Redtail Technology in Sacramento, California, now has AI capabilities on its platform to better predict and estimate client needs, create better outcomes, and “discover important connections that enable all parties to make better financial decisions,” says Brian McLaughlin, CEO.
The solution uses machine learning as a launching point to build additional value by clarifying financial planners’ workflows so they can make better decisions, McLaughlin says.
“This is a starting point of AI for financial planners,” he says. “It will continue to evolve, but we need to provide a baseline to get people comfortable with the computer learning on their data.”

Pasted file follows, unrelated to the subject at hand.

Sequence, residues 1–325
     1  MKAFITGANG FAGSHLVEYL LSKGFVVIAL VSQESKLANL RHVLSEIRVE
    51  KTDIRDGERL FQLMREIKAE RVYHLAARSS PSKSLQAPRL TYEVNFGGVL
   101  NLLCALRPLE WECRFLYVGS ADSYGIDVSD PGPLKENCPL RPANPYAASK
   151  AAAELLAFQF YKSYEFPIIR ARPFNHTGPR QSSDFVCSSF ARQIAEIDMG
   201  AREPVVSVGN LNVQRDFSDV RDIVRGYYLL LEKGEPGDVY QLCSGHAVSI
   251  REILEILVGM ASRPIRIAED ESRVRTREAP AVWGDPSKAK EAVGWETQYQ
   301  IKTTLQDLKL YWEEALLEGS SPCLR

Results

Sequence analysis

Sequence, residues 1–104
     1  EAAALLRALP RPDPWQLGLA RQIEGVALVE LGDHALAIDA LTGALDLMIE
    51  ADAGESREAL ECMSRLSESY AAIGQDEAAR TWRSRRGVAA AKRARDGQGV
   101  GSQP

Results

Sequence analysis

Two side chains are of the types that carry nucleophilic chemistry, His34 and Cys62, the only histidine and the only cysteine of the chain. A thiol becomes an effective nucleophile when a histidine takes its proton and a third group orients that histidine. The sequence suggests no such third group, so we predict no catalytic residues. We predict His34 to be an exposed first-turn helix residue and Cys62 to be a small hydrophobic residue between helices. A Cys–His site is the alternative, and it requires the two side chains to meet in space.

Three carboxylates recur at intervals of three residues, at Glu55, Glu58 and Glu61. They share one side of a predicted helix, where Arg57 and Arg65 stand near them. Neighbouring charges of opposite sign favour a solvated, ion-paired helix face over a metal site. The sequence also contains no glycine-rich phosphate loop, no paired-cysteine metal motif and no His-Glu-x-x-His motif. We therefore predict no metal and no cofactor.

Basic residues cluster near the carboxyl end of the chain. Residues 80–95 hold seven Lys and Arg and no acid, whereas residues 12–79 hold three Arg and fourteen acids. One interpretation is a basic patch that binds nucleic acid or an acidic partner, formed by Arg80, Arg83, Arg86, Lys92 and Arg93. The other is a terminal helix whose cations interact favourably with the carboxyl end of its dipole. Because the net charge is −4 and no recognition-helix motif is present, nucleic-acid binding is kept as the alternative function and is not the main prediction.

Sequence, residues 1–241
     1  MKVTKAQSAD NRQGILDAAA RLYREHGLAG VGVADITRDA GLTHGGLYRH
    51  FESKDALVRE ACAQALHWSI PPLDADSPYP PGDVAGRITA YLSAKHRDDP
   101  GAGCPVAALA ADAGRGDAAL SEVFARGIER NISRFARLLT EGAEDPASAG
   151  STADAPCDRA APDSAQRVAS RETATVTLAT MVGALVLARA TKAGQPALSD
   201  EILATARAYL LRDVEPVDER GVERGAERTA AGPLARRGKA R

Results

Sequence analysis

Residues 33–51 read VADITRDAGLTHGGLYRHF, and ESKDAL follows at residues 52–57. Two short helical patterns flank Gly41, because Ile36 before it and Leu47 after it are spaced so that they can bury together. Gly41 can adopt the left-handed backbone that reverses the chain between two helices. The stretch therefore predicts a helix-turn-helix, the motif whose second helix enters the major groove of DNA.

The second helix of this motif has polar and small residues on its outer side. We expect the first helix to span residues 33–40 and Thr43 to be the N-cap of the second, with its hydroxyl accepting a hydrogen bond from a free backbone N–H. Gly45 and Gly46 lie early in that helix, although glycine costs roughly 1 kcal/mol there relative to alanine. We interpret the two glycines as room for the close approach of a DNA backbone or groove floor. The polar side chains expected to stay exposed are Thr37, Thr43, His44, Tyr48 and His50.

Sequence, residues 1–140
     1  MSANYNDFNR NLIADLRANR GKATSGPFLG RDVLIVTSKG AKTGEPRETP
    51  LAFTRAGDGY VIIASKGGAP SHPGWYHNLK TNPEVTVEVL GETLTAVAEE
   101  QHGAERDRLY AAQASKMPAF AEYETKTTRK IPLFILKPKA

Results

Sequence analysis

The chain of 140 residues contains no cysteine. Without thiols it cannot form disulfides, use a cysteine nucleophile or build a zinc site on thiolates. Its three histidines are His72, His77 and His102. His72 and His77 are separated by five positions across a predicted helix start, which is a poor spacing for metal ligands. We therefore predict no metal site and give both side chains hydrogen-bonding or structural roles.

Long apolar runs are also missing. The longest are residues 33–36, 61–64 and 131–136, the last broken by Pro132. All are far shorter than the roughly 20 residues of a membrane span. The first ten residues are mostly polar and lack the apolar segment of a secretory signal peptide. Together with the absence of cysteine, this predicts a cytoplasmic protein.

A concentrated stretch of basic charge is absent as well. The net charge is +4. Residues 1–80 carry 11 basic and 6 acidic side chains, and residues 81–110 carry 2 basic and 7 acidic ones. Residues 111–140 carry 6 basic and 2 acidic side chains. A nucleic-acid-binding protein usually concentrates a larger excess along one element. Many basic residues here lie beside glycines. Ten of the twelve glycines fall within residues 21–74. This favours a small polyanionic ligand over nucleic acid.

Redtail’s solution can help financial planners have better conversations by analyzing the histories of their emails, text messages, advisor notes, and other threads of communication they have had with clients and prospects, McLaughlin says.
“Say a client has mentioned their child will be going to a certain college, but the advisor may have forgotten or overlooked that,” he says. “Our solution presents statements like these as well as sentiments in a more focused way, so the planner can respond more quickly and have more effective goal-based planning conversations with the client.”
Redtail is also interested in looking at how AI affects the integration of planning tools, synchronizing relationships with goal-based and cash-based solutions. “To me, the really interesting evolution of how we use AI is not so much for automated client account maintenance, but for automated goal-based planning,” McLaughlin says. “That will be really cool down the road.”